|European Case Law Identifier:||ECLI:EP:BA:2011:T030109.20110805|
|Date of decision:||05 August 2011|
|Case number:||T 0301/09|
|IPC class:||G02C 7/02
|Language of proceedings:||EN|
|Download and more information:||
|Title of application:||IMPROVED SINGLE VISION LENSES|
|Applicant name:||Carl Zeiss Vision Australia Holdings Ltd.|
|Opponent name:||Rodenstock GmbH|
|Relevant legal provisions:||
Late filing of amended claims
Summary of Facts and Submissions
I. The patent proprietor has appealed against the decision of the opposition division revoking European Patent No. 900 403 (application number 97908088.4). The patent in dispute concerns a high curvature spectacle lens and spectacles.
In the opposition and appeal proceedings, reference has been made to, amongst others, the following documents:-
D1 DE-A-32 25 270
D2 "Oblique Central Refraction in Spherocylindrical Corrections with Both Faceform and Pantoscopic Tilt", Michael P. Keating, Optometry and Vision Science Vol. 72, No. 4, pp. 258 - 265 (1995)
D3 DE-A-3 016 936
D8 GB-A-2 281 635
D9 US-A-1 697 030.
II. In the decision under appeal, the opposition division reasoned as follows.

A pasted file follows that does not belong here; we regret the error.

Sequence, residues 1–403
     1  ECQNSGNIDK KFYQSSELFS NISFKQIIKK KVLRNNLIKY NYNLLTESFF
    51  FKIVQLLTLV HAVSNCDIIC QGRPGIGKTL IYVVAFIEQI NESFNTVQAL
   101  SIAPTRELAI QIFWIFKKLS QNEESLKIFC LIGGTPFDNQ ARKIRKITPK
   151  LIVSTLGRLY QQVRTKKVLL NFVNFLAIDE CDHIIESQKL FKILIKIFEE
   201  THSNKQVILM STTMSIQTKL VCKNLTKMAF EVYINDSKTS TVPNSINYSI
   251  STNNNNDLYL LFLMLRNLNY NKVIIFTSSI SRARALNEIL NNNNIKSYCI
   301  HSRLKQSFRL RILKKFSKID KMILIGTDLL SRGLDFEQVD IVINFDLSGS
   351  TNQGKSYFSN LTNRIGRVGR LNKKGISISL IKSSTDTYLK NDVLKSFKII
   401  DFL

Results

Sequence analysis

The concept underlying the opposed patent is generally known from document D2 concerning corrections of spherical and cylindrical power to be applied to spectacle lenses when used in a tilted configuration with respect to the axes of the eyes, for example in sports goggles (see page 258, right hand column beginning of first full paragraph). The corrections required for various form face tilt angles (about a vertical axis) and pantoscopic tilt angles (about a horizontal axis) for a correction lens are presented. The lens according to the particular example (see page 263, right hand column, 2nd full paragraph), has a front curvature of +12.00 dpt, the required power is +6.00/ -1.00/ 47°, the lens is tilted 15° temporally (face form tilt), thus being a high curvature lens exhibiting a temporal shield.